Skip to main content
The Official Site of the Carolina Hurricanes

Experience Key for Checkers

by Paul Branecky / Carolina Hurricanes

As it meets the Hershey Bears for the second consecutive season in the American Hockey League playoffs, the Hurricanes’ top minor-league affiliate is feeling more prepared this time around.

Paul Branecky
Follow on Twitter

By winning Game 1 in Hershey last week, the Charlotte Checkers had already assured themselves of a better result than last season, when the then-Albany River Rats suffered a second-round sweep at the hands of the eventual Calder Cup champions. On the heels of a 3-2 victory on Wednesday, they come in to Friday’s Game 5 in Charlotte tied at two games apiece.

Like last season, the biggest thing separating the two squads is experience, with the much-younger Checkers going up against a team featuring a handful of veterans. With that in mind, it’s interesting that experience is exactly what’s allowed the Checkers to be more successful this time.

“We were rookies last year, and even though we played a lot of minutes we were still learning,” said Zach Boychuk, now in his second full season as professional.

That was most evident in the nature of the sweep, which was not as dominant as one might think. Three of the four games went to overtime, with the Bears erasing a 2-1 deficit with four unanswered third-period goals in the other.

“That experience was the difference in the series, especially when they were scoring goals late in the third period and in overtime,” said Boychuk.

“A lot of our guys were rookies and we had to get them in against a very good team,” said Checkers coach Jeff Daniels. “What we learned last year is not to panic because it’s a 60-minute game. There are still times when we do panic a little bit and our immaturity shows, but we’re better prepared now.”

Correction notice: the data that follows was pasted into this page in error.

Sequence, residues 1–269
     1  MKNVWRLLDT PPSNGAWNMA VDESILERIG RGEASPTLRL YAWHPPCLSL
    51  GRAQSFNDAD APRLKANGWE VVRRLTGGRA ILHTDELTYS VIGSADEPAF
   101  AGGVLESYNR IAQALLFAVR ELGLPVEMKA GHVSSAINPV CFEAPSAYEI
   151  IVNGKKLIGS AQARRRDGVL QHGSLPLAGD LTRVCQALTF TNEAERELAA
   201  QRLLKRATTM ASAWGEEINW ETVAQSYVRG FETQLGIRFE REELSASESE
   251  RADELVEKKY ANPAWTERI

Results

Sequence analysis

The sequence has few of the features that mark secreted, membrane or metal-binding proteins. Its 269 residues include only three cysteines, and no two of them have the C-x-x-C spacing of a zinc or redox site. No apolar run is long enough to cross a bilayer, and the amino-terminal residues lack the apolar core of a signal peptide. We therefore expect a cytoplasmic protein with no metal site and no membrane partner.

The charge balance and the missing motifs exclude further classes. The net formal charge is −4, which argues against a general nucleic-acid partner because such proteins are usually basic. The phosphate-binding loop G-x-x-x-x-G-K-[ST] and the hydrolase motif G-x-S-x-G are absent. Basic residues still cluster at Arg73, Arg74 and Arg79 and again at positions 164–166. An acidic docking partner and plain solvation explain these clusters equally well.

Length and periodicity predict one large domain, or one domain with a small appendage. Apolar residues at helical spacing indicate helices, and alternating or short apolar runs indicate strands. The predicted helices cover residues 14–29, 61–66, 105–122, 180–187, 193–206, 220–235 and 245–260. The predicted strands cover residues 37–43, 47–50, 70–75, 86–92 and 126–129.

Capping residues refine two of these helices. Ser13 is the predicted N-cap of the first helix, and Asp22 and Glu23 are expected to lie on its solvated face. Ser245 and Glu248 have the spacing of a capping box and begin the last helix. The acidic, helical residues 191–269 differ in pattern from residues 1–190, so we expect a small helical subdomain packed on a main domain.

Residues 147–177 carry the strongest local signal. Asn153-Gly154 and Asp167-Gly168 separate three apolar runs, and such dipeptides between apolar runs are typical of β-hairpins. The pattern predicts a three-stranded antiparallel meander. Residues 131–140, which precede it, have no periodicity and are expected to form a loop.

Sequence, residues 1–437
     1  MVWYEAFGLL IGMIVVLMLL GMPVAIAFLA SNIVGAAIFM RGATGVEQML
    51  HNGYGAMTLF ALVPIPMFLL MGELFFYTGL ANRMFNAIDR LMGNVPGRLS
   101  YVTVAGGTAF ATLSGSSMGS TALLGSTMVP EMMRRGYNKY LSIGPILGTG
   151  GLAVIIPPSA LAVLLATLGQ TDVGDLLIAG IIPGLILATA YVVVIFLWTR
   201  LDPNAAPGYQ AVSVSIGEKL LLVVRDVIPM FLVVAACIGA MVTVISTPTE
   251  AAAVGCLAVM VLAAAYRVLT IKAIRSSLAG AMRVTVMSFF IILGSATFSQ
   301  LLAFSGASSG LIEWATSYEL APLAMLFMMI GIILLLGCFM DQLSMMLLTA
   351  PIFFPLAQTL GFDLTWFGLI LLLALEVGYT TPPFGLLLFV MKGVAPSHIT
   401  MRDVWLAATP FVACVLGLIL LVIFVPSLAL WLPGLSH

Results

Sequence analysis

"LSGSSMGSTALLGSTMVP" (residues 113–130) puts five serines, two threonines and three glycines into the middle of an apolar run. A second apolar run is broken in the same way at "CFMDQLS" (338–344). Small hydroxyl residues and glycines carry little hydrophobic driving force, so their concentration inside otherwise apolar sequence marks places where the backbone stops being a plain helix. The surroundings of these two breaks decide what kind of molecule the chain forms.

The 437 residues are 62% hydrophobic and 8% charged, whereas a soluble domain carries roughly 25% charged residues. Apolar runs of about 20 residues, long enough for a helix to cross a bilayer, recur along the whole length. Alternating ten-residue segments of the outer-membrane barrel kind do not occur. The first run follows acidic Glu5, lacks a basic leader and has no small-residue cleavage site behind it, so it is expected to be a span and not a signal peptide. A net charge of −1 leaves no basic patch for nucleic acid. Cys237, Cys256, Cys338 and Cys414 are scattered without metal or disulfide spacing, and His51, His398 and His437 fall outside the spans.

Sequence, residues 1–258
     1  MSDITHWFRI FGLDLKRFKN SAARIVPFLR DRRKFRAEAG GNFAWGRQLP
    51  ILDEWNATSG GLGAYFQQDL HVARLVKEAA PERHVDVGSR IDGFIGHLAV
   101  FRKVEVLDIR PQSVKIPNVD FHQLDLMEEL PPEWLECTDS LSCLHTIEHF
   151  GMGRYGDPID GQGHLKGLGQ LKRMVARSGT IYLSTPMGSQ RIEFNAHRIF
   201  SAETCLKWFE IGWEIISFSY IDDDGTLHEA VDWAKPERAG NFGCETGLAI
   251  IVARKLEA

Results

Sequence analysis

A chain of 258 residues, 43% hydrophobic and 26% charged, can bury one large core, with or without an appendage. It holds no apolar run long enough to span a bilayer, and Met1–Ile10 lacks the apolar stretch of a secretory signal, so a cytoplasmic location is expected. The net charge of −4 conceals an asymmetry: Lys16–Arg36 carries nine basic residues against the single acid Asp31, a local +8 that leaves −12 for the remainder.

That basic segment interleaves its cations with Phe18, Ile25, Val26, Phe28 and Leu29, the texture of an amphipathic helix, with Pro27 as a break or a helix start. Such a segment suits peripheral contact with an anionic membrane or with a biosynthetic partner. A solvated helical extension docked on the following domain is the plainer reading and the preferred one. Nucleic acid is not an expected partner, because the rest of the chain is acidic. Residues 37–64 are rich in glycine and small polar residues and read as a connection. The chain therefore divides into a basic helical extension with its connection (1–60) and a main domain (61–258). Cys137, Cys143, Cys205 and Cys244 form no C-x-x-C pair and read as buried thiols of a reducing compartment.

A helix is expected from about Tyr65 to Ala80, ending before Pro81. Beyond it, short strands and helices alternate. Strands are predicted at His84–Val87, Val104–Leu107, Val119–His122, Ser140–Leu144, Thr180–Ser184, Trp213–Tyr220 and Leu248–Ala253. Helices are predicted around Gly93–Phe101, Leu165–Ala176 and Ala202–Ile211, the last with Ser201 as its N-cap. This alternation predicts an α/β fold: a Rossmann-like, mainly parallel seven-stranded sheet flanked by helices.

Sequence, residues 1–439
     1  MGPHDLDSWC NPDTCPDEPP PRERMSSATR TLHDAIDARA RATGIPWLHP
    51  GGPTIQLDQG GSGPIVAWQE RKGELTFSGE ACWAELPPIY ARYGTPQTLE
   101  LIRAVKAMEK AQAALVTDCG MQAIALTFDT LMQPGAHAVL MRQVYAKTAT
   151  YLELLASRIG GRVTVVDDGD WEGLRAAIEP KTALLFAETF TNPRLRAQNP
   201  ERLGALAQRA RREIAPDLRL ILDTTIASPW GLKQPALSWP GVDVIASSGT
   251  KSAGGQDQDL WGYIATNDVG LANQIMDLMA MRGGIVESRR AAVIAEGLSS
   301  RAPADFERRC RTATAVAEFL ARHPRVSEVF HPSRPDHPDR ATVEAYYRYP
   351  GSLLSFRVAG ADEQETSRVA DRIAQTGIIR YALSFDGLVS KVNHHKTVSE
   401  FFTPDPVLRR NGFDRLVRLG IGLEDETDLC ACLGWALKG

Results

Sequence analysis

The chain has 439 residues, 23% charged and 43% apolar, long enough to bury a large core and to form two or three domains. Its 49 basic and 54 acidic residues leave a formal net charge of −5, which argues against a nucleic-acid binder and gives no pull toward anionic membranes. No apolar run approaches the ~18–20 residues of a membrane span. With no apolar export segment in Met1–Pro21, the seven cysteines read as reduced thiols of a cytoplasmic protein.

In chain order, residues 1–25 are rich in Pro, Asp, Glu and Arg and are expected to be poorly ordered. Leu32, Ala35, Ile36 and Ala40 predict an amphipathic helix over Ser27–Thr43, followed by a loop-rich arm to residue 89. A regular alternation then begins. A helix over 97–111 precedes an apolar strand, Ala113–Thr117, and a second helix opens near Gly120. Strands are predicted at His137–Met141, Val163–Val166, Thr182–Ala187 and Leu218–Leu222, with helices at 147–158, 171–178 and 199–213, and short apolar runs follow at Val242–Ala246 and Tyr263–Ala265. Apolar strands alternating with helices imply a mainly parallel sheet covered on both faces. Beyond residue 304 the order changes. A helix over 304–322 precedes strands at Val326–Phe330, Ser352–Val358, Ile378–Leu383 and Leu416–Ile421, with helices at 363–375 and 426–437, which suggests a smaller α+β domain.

That was evident in Game 4, when goaltender Mike Murphy, now in his second season as a pro, was able to shake off an unlikely second-period goal from a sharp angle to make key saves down the stretch. The team as a whole was also able to hold down the fort when the Bears scored with two minutes left to make it a one-goal game, limiting any serious attempt at an equalizer in the closing minutes.

That learning curve demonstrates the value of the minor-league system, with players learning their lessons now before moving on to join the Hurricanes. Conversely, Hershey has several players that have already had their run at the NHL level and seem to have settled in as regulars, most notably 32-year-old Keith Aucoin, who played 53 of his 75 NHL games with the Hurricanes between 2005-2008, and 33-year-old Brian Willsie, who posted 19 goals in a full season with the Washington Capitals in 2005-06 and has 381 games of experience at the highest level.

There’s also 34-year-old Sheldon Souray, a three-time NHL All-Star defenseman with 650 games of NHL experience, who is in the minors for the first time since the 1997-98 season, mostly due to contractual reasons.

“It’s kind of surreal, almost like when I was up in the NHL and playing against some of those guys,” said Boychuk, who leads the Checkers with 56 games of NHL experience.

All of that’s part of what makes Hershey a tough but necessary draw in order to go deep into the playoffs.

“If we want to win the Calder Cup, we’ll have to go through them eventually,” said Daniels.

For the Checkers, Daniels said that Murphy would make his third consecutive start in goal. He added that he was considering a few lineup changes based on minor injuries, but did not give specifics.

A possible change has defenseman Bobby Sanguinetti entering the lineup in place of Zack FitzGerald, as FitzGerald did not take the morning skate on Friday. Sanguinetti, who was a healthy scratch in Game 4, missed much of the regular season due to hip surgery before making his return on March 16.

“To his credit, he came back a little sooner than projected,” said Daniels of Sanguinetti, a former first-round pick of the New York Rangers who was acquired by Carolina via trade last June. “You come back on a high and then kind of hit that wall conditioning-wise, but he’s battling through it. It’s tough to come back at this time of year because he has to go through the training camp phase all over again.”

Besides Sanguinetti, Matthew Pistilli was the only player at the morning skate who did not play on Wednesday, with FitzGerald the only player missing.

View More